I’d say the odds are pretty good.

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Reply How a nerd named Nate Silver changed political reporting forever. (Original post)
babylonsister Nov 2012 OP
PATRICK Nov 2012 #1
lalalu Nov 2012 #2
Iggy Nov 2012 #3
babylonsister Nov 2012 #4
Iggy Nov 2012 #5
babylonsister Nov 2012 #6
Iggy Nov 2012 #13
fugop Nov 2012 #7
babylonsister Nov 2012 #9
PreacherDI Nov 2012 #8
DemocratSinceBirth Nov 2012 #10
smorkingapple Nov 2012 #11
justiceischeap Nov 2012 #12

Response to babylonsister (Original post)

Sat Nov 10, 2012, 07:32 AM

1. Forget the MSM

Trying to fit Nate into their narrative of lies and delusions is sewing new cloth on a greasy rag.

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Response to babylonsister (Original post)

Sat Nov 10, 2012, 07:36 AM

2. Nate's the rock star of the media.

 

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Response to babylonsister (Original post)

Sat Nov 10, 2012, 08:08 AM

3. Keep in Mind...

 

years ago, at least ten years ago-- talking bobblehead Cokie Roberts attacked web journalism/pundits.. as not being credible and "people shouldn't be getting their news this way".

why this attack? because people like her and Scarborough and the hundreds of other inane bobbleheads are making a damn good living-- merely shooting off their big mouths. they have little of substance to back up their hyperbole... and it's mostly preaching to the choir.

given what just happened to the GOP, there's not much value now in the bobbleheads. contrary to popular belief in Bloggo world, FAUX does not have enormous power/sway over voters. Obama's victory-- by a large margin, proves this.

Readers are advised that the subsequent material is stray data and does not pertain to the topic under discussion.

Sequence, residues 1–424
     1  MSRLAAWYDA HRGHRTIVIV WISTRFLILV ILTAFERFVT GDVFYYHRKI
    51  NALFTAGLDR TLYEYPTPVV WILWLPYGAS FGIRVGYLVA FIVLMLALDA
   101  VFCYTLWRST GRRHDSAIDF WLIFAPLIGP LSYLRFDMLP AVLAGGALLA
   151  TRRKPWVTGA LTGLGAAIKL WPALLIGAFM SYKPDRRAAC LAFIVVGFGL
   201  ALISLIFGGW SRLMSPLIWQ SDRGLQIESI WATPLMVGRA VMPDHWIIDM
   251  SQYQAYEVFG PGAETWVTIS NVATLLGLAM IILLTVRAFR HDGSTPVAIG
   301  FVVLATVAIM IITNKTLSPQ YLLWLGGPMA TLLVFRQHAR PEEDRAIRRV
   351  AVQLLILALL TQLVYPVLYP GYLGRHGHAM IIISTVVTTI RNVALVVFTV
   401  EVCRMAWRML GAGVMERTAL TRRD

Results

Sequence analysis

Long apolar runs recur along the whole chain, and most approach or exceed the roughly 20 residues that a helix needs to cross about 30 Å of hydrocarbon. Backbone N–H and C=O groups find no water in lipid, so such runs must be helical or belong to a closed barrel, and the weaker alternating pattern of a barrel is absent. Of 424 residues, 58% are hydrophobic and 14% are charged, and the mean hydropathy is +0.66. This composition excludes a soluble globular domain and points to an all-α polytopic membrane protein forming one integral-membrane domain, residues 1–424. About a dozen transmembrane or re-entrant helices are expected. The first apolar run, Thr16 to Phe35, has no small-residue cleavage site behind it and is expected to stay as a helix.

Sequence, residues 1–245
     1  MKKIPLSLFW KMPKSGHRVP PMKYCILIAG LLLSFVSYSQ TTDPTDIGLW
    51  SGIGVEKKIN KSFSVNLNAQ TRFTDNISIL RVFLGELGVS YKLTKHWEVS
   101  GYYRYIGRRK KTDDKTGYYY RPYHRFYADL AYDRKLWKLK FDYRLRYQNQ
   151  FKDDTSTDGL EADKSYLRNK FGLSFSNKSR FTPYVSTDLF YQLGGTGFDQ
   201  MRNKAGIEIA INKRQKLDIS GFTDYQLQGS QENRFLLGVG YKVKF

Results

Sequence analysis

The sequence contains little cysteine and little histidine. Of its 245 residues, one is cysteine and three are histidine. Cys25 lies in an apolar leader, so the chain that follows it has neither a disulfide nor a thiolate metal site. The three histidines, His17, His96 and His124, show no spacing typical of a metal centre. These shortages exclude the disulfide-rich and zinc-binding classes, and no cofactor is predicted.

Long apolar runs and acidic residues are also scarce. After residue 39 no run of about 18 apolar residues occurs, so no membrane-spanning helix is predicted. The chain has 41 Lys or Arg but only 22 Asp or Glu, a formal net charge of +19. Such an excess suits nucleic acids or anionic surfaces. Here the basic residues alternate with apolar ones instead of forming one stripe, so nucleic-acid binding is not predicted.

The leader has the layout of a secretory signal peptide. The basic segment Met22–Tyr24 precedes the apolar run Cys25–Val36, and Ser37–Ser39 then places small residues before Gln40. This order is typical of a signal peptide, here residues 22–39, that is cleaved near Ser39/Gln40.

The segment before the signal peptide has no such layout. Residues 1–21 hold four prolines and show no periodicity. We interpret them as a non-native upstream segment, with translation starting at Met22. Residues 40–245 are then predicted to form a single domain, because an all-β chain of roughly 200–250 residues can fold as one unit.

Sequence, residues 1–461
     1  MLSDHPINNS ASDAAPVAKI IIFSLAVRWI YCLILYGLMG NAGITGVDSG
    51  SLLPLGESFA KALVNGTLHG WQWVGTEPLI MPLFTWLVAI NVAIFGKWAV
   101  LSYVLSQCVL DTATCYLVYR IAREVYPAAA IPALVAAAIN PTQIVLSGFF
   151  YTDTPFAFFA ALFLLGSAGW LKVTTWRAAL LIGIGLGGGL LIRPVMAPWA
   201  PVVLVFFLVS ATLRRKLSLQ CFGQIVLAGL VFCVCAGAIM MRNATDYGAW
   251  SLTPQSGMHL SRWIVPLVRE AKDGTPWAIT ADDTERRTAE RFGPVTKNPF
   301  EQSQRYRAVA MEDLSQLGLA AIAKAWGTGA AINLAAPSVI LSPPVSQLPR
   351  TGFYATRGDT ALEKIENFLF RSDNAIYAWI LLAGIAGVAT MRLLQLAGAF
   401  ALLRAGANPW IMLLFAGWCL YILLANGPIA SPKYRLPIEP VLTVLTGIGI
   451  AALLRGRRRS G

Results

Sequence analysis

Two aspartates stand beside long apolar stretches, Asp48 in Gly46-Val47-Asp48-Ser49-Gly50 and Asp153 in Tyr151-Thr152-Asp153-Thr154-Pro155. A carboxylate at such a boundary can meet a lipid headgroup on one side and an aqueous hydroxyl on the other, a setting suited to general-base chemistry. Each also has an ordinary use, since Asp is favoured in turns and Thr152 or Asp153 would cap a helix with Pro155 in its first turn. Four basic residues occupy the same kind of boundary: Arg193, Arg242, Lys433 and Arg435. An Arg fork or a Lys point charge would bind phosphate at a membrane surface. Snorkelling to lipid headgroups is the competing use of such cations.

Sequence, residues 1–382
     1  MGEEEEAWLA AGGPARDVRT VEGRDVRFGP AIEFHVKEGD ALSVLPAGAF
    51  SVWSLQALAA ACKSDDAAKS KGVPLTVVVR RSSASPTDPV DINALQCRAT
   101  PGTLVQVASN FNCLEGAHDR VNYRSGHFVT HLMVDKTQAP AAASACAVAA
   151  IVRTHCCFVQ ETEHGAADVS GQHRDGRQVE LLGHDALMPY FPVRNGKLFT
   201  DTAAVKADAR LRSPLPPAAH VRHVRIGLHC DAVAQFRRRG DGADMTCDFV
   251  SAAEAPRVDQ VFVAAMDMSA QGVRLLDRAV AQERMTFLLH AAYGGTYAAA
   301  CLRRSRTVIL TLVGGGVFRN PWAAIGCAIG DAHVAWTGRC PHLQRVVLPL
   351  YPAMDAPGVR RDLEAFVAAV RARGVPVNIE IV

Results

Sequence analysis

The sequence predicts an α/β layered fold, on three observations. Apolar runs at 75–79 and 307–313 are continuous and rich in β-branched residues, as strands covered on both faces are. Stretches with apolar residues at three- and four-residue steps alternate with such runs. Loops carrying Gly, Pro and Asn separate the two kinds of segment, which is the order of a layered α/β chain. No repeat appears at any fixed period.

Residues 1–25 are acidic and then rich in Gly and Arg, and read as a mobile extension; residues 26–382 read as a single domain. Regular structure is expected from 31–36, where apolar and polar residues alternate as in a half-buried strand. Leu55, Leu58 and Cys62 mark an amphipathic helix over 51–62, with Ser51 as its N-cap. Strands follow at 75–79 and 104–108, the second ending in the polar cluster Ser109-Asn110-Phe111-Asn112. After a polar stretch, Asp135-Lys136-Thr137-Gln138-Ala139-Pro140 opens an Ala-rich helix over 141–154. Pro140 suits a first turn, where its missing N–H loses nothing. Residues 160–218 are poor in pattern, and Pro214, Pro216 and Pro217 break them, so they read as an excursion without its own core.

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Response to Iggy (Reply #3)

Sat Nov 10, 2012, 08:10 AM

4. Good point; I do remember that, and the blogs/internet

journalism has only gotten more popular. Another prediction blown by the likes of Cokie.

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Response to babylonsister (Reply #4)

Sat Nov 10, 2012, 08:22 AM

5. To a Degree, It's Understandable...

 

However, all of us are subject to change due to technological improvements/innovation.

that includes lamestream media.

IMHO, old school journalism was doomed regardless, since even before advent of the internets, newspapers stopped doing their job (which is to inform people) and made a point of not reporting on numerous subjects.

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Response to Iggy (Reply #5)

Sat Nov 10, 2012, 08:30 AM

6. 'Journalists' also became more opinionated v.

reporting the straight news. Does anyone even do that anymore? I 'could' say Rachel, but I know I'm biased, as is she on occasion, though she does try to present both sides also.

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Response to babylonsister (Reply #6)

Sat Nov 10, 2012, 11:46 AM

13. I almost prfer they be opinionated